Maya Angelou and Remembering Words

Due to the recent passing of Maya Angelou, I have been thinking about her words lately, particularly her well-known quote pertaining to one’s legacy: “I’ve learned that people will forget what you said, people will forget what you did, but people will never forget how you made them feel.”

She was talking about life, about human interactions and how kindness is the greatest legacy we can leave behind, but it made me also think about a writer’s legacy. As a poet and an author, she leaves behind a legacy made of words. Those who knew her personally shall surely remember her kindness in action, but once they, too, are gone, we shall be left with the words still.

I think when we remember poems, we primarily remember it with emotions tied to it. A poet uses words and rhythm and sound to make us feel, just as a lyricist does with a song (not all songwriter/lyricists are poets, of course, but some are). We remember the music, even when we can’t remember the words, and I think we remember the emotions or plot of poetry even when we can’t remember the words.

At the same time, without the words, there could be no emotion. If we don’t remember the words, we cannot share our feelings with others. We need to remember powerful words —words like “We the People of the United States…,” words like “Four score and seven years ago our fathers brought forth upon this continent, a new nation…,” words like “What is man, that thou art mindful of him…,” and words like “I’ve learned that making a ‘living’ is not the same thing as making a ‘life.’”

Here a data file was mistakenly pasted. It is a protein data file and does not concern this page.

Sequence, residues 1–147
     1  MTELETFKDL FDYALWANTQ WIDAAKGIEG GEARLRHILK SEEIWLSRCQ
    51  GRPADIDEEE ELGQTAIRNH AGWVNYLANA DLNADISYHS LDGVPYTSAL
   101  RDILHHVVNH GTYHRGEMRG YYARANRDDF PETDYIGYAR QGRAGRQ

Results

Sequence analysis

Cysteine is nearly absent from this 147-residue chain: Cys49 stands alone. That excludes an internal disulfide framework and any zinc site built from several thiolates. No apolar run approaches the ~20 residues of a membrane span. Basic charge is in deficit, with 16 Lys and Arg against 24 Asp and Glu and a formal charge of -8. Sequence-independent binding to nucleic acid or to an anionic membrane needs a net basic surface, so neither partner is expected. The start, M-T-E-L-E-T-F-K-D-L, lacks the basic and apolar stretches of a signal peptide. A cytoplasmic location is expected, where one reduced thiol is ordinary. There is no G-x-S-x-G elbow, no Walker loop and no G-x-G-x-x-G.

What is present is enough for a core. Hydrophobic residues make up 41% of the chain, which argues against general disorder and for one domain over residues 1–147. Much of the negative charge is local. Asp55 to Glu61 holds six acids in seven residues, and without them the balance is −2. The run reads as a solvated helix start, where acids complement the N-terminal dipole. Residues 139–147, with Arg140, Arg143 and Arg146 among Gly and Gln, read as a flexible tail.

We live in an age when it is no longer as popular as it once was to memorize and quote poems, but we know the words to songs still, quoting them and even singing along when the music so inspires us. I wonder if some of this has come about because we no longer value the spoken word as much as we once did. Our attention span has shortened to where we are only captivated by images, music, and movement. A single voice, speaking out in the silence, never happens because there is no longer silence. We fill our silence with the buzz of many voices and in that din, we cannot hear the rhythm of words unless it’s pounded into our consciousness with a kick-drum.

Copyright 2014 Andrea Lundgren

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